Sam Bradford is long-term remedy
With franchise quarterback in the fold, Rams feel they can build solid foundation
EARTH CITY, Mo. -- Often in sports, franchises must take a step back in order to move forward.
Blessed with great quarterback play for a decade, the St. Louis Rams kept passing on young quarterbacks, hoping Marc Bulger would cover for their declining talent base. He couldn't. The Rams bottomed out with a 1-15 record last season and got the first pick in the 2010 draft.
Although Rams officials won't publicly admit it, they were sold on drafting Oklahoma quarterback Sam Bradford before the 2009 regular season ended. It's a quarterback-driven league, and the Rams knew they could get the jump on the rest of their division rivals by grabbing Bradford. Matt Leinart of the Cardinals, Alex Smith of the 49ers and Matt Hasselbeck of the Seahawks are all in year-to-year situations.
Optimism for this season is grounded in reality. Bradford has the benefit of having a decent offensive line and a great running back (Steven Jackson), but growing pains are inevitable. Steve Spagnuolo is an upbeat head coach who is trying to develop an aggressive defense. But the key to this season is developing Bradford and coming together as a team. That might not translate into a lot of victories, but it would set up the Rams toward becoming players in the NFC West again in years to come.
Here are three observations from Rams camp:
• Bradford shows every sign that he could be the opening-day starter from his work in practice. He's a tall pocket passer with an accurate arm. Having worked the college spread offense for the past couple of seasons, he might not be completely comfortable retreating from center on three-, five- and seven-step drops, but he's good enough.
The key is his accuracy. Bradford knows how to throw a catchable, accurate pass. He has the knack of locating a throw so a receiver can make the grab and get some yards after the catch. The only thing that would prevent him from starting the opener would be the urgency of beating the Arizona Cardinals. The Rams won only one game last season, so Spagnuolo needs a win to give everyone hope.
The talent comparisons between Bradford and A.J. Feeley are dramatic. Feeley is a decent backup. Bradford has that Matt Ryan look of being an elite franchise quarterback. The problem facing Spagnuolo is that if he starts Bradford and the quarterback has a poor game that results in a loss, the feeling that this season is only about developing Bradford might enter the locker room. The Rams will use four preseason games to see which quarterback gives them the best chance of beating Arizona.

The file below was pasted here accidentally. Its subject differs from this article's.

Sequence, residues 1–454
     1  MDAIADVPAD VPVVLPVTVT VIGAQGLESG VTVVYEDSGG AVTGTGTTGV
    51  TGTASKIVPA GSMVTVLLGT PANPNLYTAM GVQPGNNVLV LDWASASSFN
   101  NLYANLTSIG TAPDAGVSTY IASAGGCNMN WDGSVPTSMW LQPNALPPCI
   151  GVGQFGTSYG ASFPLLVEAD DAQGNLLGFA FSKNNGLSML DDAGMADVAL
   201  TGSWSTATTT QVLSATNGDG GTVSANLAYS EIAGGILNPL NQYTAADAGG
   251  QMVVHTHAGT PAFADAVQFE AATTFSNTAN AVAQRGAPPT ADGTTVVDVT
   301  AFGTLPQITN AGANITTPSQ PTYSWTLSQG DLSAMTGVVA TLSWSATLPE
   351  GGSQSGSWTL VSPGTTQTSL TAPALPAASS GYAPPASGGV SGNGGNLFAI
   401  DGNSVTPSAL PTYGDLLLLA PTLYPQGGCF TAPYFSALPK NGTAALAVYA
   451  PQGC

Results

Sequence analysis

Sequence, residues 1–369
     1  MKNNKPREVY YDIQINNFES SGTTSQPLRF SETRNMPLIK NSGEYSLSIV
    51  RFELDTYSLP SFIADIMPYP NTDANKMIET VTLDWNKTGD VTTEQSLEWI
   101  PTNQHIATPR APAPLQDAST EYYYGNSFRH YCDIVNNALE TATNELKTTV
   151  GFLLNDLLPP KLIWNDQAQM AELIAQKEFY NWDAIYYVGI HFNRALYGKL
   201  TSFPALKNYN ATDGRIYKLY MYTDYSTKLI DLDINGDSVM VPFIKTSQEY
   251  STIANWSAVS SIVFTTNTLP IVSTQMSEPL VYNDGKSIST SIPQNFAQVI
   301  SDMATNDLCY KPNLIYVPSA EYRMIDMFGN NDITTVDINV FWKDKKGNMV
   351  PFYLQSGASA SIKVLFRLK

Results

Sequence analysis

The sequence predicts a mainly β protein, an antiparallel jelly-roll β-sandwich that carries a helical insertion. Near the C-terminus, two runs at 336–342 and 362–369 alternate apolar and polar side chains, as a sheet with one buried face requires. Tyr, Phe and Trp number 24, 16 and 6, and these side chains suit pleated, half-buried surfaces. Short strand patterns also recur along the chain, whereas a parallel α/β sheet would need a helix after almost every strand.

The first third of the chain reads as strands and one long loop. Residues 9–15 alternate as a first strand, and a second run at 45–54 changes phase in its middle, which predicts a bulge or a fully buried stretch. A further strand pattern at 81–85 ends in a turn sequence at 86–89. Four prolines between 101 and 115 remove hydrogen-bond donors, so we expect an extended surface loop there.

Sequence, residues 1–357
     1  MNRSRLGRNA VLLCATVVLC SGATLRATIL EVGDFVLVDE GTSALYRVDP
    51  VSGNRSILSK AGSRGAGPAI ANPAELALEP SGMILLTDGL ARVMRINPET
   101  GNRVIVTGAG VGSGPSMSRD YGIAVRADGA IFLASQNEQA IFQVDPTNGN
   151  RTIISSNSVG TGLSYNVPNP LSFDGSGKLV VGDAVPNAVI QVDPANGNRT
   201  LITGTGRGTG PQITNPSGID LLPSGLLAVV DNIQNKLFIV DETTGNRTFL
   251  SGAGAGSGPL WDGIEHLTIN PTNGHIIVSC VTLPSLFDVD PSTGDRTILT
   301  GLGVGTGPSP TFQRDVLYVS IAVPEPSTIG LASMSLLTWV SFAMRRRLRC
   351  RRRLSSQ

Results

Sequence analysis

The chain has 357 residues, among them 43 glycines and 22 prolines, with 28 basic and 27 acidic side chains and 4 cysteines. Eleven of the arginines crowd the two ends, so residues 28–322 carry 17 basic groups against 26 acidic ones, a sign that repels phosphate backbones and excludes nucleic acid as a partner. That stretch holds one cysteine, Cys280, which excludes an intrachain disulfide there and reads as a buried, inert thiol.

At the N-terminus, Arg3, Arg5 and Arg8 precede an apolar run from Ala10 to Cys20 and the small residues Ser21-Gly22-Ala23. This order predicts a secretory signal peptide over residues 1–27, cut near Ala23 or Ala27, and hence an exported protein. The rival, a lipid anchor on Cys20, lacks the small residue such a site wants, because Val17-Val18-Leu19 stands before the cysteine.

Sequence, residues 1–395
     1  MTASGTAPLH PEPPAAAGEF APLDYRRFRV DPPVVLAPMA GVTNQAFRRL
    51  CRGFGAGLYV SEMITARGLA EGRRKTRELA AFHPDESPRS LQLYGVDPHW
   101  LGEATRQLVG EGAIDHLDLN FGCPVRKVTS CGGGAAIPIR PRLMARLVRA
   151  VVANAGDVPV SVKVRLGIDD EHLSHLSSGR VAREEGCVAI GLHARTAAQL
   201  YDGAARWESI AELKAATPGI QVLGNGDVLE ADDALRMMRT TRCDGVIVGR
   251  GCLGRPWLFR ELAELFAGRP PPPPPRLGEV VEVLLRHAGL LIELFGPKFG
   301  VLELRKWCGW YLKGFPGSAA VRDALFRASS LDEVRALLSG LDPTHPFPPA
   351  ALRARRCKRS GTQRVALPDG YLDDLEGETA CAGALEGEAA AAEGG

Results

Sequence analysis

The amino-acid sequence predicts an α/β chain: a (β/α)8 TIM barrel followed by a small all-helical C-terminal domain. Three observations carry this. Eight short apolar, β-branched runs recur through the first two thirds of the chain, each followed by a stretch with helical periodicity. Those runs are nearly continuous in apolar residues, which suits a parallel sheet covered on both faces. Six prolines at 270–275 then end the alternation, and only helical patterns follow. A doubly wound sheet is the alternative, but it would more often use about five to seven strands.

• Thursday was an important day for the Rams, as they got to see how the offensive line will work this season. Jason Smith, the second pick of the 2009 draft, was healthy enough to go on the practice field after missing a week because of a slow recovery from offseason toe surgery. A left tackle in college, Smith struggled making the adjustment to right tackle last year because he had to completely revamp his stance, footwork and how he used his hands. A bad concussion and the toe problem further complicated things.
Smith lined up Thursday as the right tackle, leaving second-round choice Rodger Saffold as the starting left tackle. Don't expect that to change. After coaches had watched Saffold in practice for a week, they realized he's better as a left tackle prospect than they expected. He sets up nicely to handle pass-rushers, and Spagnuolo knows the importance of having the quarterback's blind side protected. They also remembered that when Smith played in a three-game stretch at right tackle last season, his ability to maul defenders on running plays to the right gave the offense some of its better yardage numbers. Having the second pick in a draft as a right tackle may not translate into great value for the dollar, but at least the Rams have addressed the two tackle spots and won't have to touch them for the next few years.
• Jackson is a freak. He showed up at camp eight pounds heavier than last season and every bit as fast. Now he's 244 pounds and has 5 percent body fat. He has put together five consecutive 1,000-yard seasons and wants to do at least five more. His goal is to play a dozen seasons. Most running backs start to run out of gas after about 1,600 carries. Jackson feels as if he's just getting started after 1,548 rushing attempts.
He knows teams will stack eight and nine defenders at the line of scrimmage to stop him, particularly when the Rams go to Bradford as the starter. Armed with fullback Mike Karney, Jackson is ready for the pounding.
John Clayton, a recipient of the Pro Football Hall of Fame's McCann Award for distinguished reporting, is a senior writer for ESPN.com.
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